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Putting It All Together

Published: January 29, 2014 (Issue # 1795)


Слитно или раздельно: one word or two

I love to read articles and books designed to help native Russian speakers negotiate the trickier aspects of the great and mighty Russian language. One of my favorite problems is the question of слитно (written together in one word) or раздельно (written separately as two words). There are entire books devoted to this topic, which is worth mastering, since the meaning of the words depends on how you write them.

Sometimes the distinction is quite dramatic. Take the word купе (compartment, as in a train). Мы поместили вещи в купе и вышли из вагона покурить (We put our things in our compartment and then got off the train to smoke).

В купе (in the compartment) is different from the less colloquial вкупе, an adverb that means together, in harmony, in coordination with: В иностранных языках и в словарях слово “интеллигенция” переводится, как правило, не само по себе, а вкупе с прилагательным “русская” (In foreign languages and dictionaries the word “intelligentsia” is usually not translated by itself but in conjunction with the adjective “Russian”). You might also see вкупе on wedding banners: вкупе и влюбе (in perfect harmony).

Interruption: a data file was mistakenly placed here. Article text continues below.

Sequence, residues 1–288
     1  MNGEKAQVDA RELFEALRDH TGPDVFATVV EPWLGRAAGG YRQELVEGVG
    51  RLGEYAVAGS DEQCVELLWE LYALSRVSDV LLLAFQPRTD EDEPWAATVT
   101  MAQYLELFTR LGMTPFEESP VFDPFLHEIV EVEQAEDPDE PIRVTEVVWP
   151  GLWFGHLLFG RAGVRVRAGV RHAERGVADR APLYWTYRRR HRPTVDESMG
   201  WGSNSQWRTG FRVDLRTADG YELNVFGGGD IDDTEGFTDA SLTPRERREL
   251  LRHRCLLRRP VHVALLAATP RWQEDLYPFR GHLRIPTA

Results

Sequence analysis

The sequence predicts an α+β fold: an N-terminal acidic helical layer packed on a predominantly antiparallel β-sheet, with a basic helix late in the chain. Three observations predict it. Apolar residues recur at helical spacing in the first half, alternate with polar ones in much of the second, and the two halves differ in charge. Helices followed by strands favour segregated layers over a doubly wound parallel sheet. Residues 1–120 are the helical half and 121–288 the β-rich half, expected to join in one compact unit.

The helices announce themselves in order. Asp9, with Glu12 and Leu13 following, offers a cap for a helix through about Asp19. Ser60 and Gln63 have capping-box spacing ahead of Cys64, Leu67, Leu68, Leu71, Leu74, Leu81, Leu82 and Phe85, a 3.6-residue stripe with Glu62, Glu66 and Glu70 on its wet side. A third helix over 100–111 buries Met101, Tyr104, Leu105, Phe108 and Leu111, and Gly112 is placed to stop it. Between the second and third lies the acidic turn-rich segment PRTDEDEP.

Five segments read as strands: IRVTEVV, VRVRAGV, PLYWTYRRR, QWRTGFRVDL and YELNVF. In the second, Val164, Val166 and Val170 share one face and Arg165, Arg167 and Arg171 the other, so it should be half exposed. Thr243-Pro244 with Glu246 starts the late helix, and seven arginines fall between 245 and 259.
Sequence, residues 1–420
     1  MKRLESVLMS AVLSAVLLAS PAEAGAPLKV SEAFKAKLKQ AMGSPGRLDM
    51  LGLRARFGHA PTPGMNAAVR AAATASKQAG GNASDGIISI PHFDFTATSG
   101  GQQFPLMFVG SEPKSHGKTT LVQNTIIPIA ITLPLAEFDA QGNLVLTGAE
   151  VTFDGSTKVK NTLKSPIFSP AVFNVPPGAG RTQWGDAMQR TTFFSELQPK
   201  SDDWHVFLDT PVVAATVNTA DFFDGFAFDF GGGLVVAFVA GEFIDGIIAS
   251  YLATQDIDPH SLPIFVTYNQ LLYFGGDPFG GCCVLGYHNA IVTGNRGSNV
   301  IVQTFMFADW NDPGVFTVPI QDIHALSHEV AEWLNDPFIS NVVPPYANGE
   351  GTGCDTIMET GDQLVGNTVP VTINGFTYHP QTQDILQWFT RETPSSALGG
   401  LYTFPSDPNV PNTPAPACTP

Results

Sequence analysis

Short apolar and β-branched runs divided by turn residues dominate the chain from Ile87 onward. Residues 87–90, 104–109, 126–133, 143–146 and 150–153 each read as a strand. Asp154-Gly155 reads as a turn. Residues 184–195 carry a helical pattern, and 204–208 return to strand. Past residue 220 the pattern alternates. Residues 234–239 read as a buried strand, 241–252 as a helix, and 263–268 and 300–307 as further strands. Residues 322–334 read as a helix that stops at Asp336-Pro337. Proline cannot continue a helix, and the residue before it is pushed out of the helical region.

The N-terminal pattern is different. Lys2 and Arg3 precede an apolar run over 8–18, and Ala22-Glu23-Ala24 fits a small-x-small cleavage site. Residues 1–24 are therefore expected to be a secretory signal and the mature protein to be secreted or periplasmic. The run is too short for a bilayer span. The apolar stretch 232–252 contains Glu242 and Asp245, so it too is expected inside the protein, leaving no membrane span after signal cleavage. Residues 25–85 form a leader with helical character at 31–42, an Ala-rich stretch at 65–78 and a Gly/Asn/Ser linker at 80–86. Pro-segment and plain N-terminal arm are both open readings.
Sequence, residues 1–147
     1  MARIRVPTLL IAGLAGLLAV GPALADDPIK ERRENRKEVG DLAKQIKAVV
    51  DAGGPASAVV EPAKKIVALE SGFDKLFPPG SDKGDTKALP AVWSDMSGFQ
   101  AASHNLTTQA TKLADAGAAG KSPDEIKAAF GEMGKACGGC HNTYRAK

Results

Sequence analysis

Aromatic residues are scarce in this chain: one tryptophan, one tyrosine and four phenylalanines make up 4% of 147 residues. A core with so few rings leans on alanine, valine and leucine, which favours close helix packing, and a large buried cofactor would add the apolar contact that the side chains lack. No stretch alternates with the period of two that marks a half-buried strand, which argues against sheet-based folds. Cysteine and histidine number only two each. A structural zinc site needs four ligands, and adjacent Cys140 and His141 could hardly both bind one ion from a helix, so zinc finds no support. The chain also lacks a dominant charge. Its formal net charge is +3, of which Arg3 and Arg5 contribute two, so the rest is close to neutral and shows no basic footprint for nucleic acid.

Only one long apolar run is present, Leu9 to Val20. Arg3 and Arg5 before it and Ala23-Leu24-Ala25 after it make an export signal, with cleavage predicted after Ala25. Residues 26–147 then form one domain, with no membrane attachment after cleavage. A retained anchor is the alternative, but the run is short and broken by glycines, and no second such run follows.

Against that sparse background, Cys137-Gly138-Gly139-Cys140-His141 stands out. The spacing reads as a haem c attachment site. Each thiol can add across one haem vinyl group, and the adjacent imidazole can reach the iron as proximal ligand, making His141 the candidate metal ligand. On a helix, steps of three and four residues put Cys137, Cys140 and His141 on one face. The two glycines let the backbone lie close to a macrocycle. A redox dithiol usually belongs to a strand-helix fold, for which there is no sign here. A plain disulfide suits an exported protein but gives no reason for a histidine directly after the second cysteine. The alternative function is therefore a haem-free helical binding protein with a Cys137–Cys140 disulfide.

In other cases, the distinction is a bit more subtle, like ввиду and в виду. Ввиду is a preposition that takes the genitive case and means “in view of, due to, in light of.” Today it is probably most often found in what Russians call канцелярский язык (bureaucratese, business Russian).

Using it makes me feel like Miss Murchison typing away in a Dorothy Sayers novel: Ввиду морозов школы закрывают (In light of the cold temperatures, schools are closed). Производство по делу об административном правонарушении прекратили ввиду отсутствия состава правонарушения (The investigation of an administrative violation was closed due to the absence of violation). Well, maybe Kafka is a better comparison here, but you get the idea.

In any case, ввиду is distinct from в виду, a phrase that combines the preposition “в” with the noun вид (view) in the locative case, and means “in viewing distance of, close to.” It’s not used too much in this way: Корабль плыл в виду берега. (The ship sailed close to the shore, literally within viewing distance of the shore). But it is used very frequently in a standard expression, иметь в виду (to have in mind; literally to have in view). This is what you say when you aren’t sure you understood someone: Что ты имеешь в виду? (What did you mean by that? What did you have in mind?)

And finally there is навстречу and на встречу. The former refers to something coming from the opposite direction: Машина ехала навстречу (The car was approaching [as we moved toward it]). Sometimes this is figurative: Понимая ваше положение, мы готовы пойти вам навстречу (We understand your situation and are willing to meet you halfway). Or sometimes literal: Если пойдём навстречу друг другу, то мы встретимся в парке. (If we walk toward each other, we’ll meet in the park).

But на встречу means “to a meeting” and refers to a specific get-together. Её пригласили на встречу со студентами (She was invited to meet with students).

And both навстречу and на встречу are different from встречка, a slang word that means either the oncoming lane of traffic or the illegal zipping into that lane. So if your Russian friend suggests that you двигаться ему навстречу in order to go на встречу, don’t try to do it по встречке.